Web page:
Phishing Vulnerabilities In Microsoft's Internet Explorer, Plus A New Server-Access Ploy - InformationWeek

InformationWeek is part of the Informa Tech Division of Informa PLC

This site is operated by a business or businesses owned by Informa PLC and all copyright resides with them.Informa PLC's registered office is 5 Howick Place, London SW1P 1WG. Registered in England and Wales. Number 8860726.

IoT
IoT
News
Commentary
1/20/2004
05:47 PM
Commentary
Commentary
Commentary
50%
50%

Phishing Vulnerabilities In Microsoft's Internet Explorer, Plus A New Server-Access Ploy

Until recently, consumer advocates recommended that you check the browser's URL window and make sure it confirms that you've linked to the site you expected. If the two didn't match, you knew you were being spoofed from a phished link.

However, Internet Explorer allows the spoofed site to appear to be the one you trusted. People relying on consumer-safety tips to avoid becoming victims of spoofed and phished links would find themselves tricked into compliance.

When the vulnerability was discovered in mid-2003, Microsoft responded by saying it was looking into the problem. When I consulted one of their spokesmen in December 2003, the company still hadn't taken any action or made any firm decision about what, if anything it will do to close the vulnerability. The spokesman indicated that perhaps Micrososft would include a patch in its monthly patch updates, but wasn't certain. But since the real answer here isn't turning our customers into cybersleuths to spot the latest fraud, it really doesn't make much of a difference if or when it patches the vulnerability.

Roundabout Server Access
Although phishing incidents involving third-party E-mails are the most common, a new scheme has arisen involving cybercriminals seeking access to your company's servers.

An E-mail is sent to those within the corporation, appearing to be from internal legal, IT, or security administrators. The E-mail announces a security breach, or problem within the network. It advises the employee to log into the company's network, using the link provided in the E-mail. Once the employee types in their login and password, the phishing expedition was successful. They now have access to the company's communications and password protected network. By targeting employees with all levels of access, to all segments of the server, they are able to gain access to most, if not all, of the server data and infrastructure.

So, look within, as well as to outside communications when warning your employees about intrusions and fraud. It's well known that the fastest way to break security on a secure network is to fool someone with access into letting you in. Don't let your employees provide the key to the burglars. Set up a confirmation process and make sure your employees know how you will communicate any security breach. Make sure they have a contact E-mail or telephone number where they can confirm the validity of any communication, and a network posting of any emergency announcements. Forewarned is forearmed.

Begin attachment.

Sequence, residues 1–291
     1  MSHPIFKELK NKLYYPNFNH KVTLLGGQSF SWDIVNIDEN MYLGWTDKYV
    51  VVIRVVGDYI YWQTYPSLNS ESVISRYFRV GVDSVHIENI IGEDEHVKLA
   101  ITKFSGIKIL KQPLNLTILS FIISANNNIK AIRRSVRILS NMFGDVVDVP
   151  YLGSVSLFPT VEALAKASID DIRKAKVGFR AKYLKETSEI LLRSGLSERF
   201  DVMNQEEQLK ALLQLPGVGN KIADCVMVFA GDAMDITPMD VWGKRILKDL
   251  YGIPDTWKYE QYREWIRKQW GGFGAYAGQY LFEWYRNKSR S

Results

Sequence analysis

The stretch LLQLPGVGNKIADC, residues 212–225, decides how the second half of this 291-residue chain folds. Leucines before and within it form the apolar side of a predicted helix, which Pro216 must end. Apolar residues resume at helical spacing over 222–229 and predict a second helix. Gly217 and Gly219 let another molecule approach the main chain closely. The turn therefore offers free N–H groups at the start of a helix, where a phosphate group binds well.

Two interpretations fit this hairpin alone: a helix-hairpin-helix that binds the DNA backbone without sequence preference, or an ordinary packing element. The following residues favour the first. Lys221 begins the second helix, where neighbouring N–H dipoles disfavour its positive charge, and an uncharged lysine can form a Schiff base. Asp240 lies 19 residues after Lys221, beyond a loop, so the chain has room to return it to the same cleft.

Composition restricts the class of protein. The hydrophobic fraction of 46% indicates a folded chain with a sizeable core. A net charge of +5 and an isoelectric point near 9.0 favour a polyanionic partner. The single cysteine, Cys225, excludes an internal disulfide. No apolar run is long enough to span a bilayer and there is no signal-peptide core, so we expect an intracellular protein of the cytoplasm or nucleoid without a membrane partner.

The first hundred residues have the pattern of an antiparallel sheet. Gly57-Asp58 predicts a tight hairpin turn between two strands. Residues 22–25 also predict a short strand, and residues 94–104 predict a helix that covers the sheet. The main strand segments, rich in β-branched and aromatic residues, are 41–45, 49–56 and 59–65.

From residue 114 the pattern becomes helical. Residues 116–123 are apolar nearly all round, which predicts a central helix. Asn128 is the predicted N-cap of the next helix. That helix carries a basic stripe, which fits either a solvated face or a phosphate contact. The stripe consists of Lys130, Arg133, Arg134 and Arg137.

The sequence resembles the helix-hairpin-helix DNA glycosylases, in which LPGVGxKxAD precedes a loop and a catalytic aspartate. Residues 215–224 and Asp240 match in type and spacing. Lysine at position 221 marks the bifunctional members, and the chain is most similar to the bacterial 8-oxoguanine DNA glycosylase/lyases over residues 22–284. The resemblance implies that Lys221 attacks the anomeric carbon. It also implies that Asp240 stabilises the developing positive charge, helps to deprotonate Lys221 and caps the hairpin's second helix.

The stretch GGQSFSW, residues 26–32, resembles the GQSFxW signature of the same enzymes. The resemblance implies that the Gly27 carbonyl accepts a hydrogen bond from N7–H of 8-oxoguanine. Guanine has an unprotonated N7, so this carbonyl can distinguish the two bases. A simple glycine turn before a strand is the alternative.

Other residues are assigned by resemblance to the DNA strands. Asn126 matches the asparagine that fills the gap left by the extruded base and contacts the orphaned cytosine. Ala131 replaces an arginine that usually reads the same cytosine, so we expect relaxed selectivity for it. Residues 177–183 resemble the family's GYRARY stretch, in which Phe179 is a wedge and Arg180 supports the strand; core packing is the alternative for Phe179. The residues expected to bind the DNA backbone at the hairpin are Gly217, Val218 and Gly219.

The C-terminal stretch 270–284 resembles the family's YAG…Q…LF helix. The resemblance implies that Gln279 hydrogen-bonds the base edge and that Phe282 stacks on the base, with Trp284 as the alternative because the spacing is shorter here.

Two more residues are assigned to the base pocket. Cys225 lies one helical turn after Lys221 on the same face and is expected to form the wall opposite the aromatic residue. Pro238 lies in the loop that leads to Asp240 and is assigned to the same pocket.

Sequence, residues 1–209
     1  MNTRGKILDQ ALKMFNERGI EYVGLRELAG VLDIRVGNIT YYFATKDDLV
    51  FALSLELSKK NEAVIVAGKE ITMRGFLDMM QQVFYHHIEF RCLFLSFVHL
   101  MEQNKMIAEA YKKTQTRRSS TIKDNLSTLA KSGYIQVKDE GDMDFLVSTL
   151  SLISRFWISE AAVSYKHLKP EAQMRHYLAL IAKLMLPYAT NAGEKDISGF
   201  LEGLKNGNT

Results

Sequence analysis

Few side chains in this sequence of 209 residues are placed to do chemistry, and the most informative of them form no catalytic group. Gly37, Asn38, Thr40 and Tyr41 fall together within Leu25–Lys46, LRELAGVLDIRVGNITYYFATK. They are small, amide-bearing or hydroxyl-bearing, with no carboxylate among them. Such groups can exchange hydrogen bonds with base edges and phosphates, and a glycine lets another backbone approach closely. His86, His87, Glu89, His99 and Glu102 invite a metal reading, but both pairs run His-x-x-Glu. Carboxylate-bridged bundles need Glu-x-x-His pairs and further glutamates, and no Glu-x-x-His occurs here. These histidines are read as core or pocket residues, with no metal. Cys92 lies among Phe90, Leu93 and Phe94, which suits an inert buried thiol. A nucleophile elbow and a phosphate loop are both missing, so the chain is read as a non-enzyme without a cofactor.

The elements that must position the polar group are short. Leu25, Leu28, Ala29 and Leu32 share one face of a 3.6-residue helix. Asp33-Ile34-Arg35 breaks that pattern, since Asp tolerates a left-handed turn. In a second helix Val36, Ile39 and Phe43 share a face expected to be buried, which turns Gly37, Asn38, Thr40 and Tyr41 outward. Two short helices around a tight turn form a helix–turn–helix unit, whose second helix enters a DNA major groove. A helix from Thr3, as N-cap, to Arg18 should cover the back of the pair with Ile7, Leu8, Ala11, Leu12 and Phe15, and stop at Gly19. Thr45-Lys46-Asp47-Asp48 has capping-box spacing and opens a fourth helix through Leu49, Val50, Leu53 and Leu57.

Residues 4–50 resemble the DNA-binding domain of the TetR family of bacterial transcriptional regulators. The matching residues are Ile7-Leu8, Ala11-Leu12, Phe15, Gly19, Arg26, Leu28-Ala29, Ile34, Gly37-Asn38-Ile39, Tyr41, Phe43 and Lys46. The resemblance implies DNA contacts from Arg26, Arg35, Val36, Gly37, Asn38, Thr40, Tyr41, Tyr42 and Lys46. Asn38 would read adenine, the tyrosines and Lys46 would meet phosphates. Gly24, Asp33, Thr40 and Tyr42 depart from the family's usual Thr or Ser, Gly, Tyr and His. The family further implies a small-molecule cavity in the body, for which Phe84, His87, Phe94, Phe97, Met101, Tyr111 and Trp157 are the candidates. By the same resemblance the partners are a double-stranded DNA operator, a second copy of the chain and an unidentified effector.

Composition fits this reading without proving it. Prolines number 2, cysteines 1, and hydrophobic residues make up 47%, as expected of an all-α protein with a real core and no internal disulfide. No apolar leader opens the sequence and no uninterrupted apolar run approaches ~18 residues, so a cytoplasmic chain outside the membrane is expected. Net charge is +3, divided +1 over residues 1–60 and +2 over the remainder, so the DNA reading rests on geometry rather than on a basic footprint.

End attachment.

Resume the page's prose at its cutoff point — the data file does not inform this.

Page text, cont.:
Return to: Which Kills E-Commerce Faster, The Cure Or The Disease?

Continue to the sidebars:
Phishing By Brand Name: Tips On How To Check For Fraud, and
Tips On Spotting A Spoofed Link

We welcome your comments on this topic on our social media channels, or [contact us directly] with questions about the site.
Comment  | 
Print  | 
More Insights
State of the Cloud
State of the Cloud
Cloud has drastically changed how IT organizations consume and deploy services in the digital age. This research report will delve into public, private and hybrid cloud adoption trends, with a special focus on infrastructure as a service and its role in the enterprise. Find out the challenges organizations are experiencing, and the technologies and strategies they are using to manage and mitigate those challenges today.
Slideshows
What Digital Transformation Is (And Isn't)
Cynthia Harvey, Freelance Journalist, InformationWeek,  12/4/2019
Commentary
Watch Out for New Barriers to Faster Software Development
Lisa Morgan, Freelance Writer,  12/3/2019
Commentary
If DevOps Is So Awesome, Why Is Your Initiative Failing?
Guest Commentary, Guest Commentary,  12/2/2019
Register for InformationWeek Newsletters
Video
Current Issue
The Cloud Gets Ready for the 20's
This IT Trend Report explores how cloud computing is being shaped for the next phase in its maturation. It will help enterprise IT decision makers and business leaders understand some of the key trends reflected emerging cloud concepts and technologies, and in enterprise cloud usage patterns. Get it today!
White Papers
Slideshows
Twitter Feed
Sponsored Live Streaming Video
Everything You've Been Told About Mobility Is Wrong
Attend this video symposium with Sean Wisdom, Global Director of Mobility Solutions, and learn about how you can harness powerful new products to mobilize your business potential.
Sponsored Video
Flash Poll